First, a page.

Dav Yaginuma;
Husband, Father, Hacker, Thinker, Maker;
San Francisco.

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    Dav's bookshelf: read

    Star Wars: Han Solo
    liked it
    tagged: graphic-novels
    See you at the 7: Stories From the Bay Area's Last Original Mile House
    it was amazing
    There's a little dive pub (turns out actually not a dive anymore) I'd been meaning to go to for years, and finally stopped by a couple of weeks back. I love checking out the old San Francisco spots that persist through the decades and ha...
    The Undefeated
    really liked it
    Wonderful poem and great illustrations.

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    As a mother, news like that makes me cringe (and hug my children tighter.) And as a mother, my focus on it was on the damage & hurt to the children, not so much the governmental policies behind it. At the same time, I read it and wondered whether or not they (N. Korea citizens) think that policy is acceptable - since the article also states that all babies of high-ranking government officals are removed at the age of 2 to break the family bonds and re-enforce loyalty (hmm, life-long brainwashing) is that something they get used to, thus just basically passing on tradition? To expand on that, the officials that carry out this triplet-removing law are probably the same ones that were removed from their homes when they were little, so it may not seem a big deal to them. I'm sure at some level they believe it is not only justified, but some type of requirement. Kind of like the barbaric custom in America of circumcision. Most everyone does it because everyone before them did it. But because of that, it's not seen in a bad light, in fact, one is considered "wrong" when they don't do it (instead of the other way around). Perhaps in N. Korea, it's the same way -the triplets, the removal of the children of officials at age 2, all of that is custom. Ridiculous or horrendous to others, but perfectly acceptable to them.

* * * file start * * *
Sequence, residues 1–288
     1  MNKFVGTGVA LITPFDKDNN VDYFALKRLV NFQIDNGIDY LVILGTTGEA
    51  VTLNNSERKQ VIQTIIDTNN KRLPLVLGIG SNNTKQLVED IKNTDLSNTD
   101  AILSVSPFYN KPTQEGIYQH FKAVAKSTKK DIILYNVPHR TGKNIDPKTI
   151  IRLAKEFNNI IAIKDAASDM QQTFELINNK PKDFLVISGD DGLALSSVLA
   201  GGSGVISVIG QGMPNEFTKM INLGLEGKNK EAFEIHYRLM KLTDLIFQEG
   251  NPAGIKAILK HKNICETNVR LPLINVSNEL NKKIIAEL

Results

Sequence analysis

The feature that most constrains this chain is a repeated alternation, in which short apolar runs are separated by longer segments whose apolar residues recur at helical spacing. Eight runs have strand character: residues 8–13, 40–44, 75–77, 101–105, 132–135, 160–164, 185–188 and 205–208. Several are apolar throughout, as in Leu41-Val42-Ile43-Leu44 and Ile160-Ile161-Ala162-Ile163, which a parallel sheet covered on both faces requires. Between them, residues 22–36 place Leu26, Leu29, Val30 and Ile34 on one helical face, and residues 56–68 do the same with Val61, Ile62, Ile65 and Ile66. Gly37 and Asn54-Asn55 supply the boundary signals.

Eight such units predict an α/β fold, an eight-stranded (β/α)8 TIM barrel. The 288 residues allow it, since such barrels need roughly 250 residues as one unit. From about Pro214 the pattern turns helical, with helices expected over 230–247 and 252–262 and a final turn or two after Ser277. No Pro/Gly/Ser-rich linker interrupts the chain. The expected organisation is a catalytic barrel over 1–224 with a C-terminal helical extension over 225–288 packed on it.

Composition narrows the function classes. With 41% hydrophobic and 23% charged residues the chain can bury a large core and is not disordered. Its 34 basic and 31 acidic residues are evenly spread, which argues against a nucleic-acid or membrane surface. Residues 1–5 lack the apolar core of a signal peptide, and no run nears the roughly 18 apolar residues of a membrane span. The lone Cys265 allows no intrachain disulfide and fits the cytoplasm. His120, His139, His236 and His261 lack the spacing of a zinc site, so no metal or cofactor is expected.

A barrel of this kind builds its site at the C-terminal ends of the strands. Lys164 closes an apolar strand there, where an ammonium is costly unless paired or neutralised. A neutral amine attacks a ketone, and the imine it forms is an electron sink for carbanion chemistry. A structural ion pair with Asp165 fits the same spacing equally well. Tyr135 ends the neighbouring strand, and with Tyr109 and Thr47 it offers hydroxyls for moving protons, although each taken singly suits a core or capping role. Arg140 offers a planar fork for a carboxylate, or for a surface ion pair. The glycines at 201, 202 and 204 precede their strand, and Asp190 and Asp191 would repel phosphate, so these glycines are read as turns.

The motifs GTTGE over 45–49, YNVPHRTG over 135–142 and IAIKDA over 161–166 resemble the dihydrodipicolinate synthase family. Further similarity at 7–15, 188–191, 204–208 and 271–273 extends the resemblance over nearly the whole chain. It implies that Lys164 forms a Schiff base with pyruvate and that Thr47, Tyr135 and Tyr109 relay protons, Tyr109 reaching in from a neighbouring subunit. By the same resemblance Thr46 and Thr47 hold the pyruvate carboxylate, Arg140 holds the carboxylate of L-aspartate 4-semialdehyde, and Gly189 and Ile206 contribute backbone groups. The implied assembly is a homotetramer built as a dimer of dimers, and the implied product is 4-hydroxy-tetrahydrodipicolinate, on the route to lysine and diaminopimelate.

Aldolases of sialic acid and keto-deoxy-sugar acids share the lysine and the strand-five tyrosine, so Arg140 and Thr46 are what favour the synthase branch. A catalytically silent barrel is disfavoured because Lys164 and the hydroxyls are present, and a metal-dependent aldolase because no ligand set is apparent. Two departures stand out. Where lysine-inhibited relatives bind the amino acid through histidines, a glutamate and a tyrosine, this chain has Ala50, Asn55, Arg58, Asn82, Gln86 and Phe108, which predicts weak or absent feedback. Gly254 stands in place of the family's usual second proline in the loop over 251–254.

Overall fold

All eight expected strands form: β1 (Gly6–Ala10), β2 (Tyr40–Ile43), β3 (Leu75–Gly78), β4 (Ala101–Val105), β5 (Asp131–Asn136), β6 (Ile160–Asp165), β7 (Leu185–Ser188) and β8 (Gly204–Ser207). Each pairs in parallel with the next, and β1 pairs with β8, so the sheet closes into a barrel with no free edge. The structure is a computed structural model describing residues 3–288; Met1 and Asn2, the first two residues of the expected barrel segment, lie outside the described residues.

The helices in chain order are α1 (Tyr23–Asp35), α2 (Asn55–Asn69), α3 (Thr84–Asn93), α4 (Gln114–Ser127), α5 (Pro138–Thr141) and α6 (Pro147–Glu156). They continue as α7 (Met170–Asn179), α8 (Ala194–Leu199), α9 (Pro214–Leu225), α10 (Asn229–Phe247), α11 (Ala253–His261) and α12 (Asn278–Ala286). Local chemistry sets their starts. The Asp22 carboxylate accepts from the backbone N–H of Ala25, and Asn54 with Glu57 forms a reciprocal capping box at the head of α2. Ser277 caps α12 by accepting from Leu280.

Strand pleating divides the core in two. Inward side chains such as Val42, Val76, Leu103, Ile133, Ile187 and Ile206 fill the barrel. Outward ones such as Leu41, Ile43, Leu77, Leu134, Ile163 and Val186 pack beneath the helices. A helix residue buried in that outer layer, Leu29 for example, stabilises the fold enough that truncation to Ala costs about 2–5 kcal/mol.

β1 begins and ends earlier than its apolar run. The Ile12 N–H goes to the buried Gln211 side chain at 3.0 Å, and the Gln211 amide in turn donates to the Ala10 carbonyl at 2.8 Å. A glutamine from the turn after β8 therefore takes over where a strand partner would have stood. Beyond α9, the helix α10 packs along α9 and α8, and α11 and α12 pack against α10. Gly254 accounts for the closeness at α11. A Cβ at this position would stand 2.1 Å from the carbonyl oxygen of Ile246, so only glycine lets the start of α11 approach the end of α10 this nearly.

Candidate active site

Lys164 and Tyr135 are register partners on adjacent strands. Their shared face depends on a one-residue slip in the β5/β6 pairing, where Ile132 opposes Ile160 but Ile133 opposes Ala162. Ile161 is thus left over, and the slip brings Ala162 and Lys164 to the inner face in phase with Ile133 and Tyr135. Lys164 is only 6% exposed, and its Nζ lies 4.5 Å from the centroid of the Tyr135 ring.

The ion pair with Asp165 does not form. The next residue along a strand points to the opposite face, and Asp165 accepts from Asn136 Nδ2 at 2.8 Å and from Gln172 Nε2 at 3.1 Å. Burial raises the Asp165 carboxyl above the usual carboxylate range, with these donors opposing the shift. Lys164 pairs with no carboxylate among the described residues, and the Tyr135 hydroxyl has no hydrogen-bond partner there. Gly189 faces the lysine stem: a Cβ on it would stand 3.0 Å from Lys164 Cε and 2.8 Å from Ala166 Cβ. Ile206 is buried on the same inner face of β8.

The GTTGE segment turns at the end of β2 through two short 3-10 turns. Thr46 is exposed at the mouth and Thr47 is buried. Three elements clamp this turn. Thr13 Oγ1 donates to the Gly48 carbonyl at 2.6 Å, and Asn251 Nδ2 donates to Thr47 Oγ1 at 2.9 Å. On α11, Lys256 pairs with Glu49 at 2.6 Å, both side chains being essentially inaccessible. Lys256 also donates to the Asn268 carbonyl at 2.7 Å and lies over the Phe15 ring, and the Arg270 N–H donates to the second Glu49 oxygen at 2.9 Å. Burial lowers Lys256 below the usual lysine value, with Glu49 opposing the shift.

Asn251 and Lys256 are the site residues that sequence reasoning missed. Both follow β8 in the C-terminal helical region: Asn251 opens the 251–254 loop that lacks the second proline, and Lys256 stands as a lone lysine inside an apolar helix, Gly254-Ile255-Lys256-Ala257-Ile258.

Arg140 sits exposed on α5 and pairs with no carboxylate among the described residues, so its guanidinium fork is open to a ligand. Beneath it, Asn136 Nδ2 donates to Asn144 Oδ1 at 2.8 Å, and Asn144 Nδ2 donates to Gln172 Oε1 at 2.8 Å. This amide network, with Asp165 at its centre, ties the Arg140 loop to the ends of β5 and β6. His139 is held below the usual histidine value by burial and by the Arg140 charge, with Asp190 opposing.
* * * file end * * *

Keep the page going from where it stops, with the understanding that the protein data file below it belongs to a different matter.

(just my two cents. although at 2:15am, *yawn* it's probably not worth even that much.)


    I don't think the parents think it's OK, I think they're living under a dictatorship and don't have any choice (one as bad and probably worse than the one the U.S. is at war with right now).

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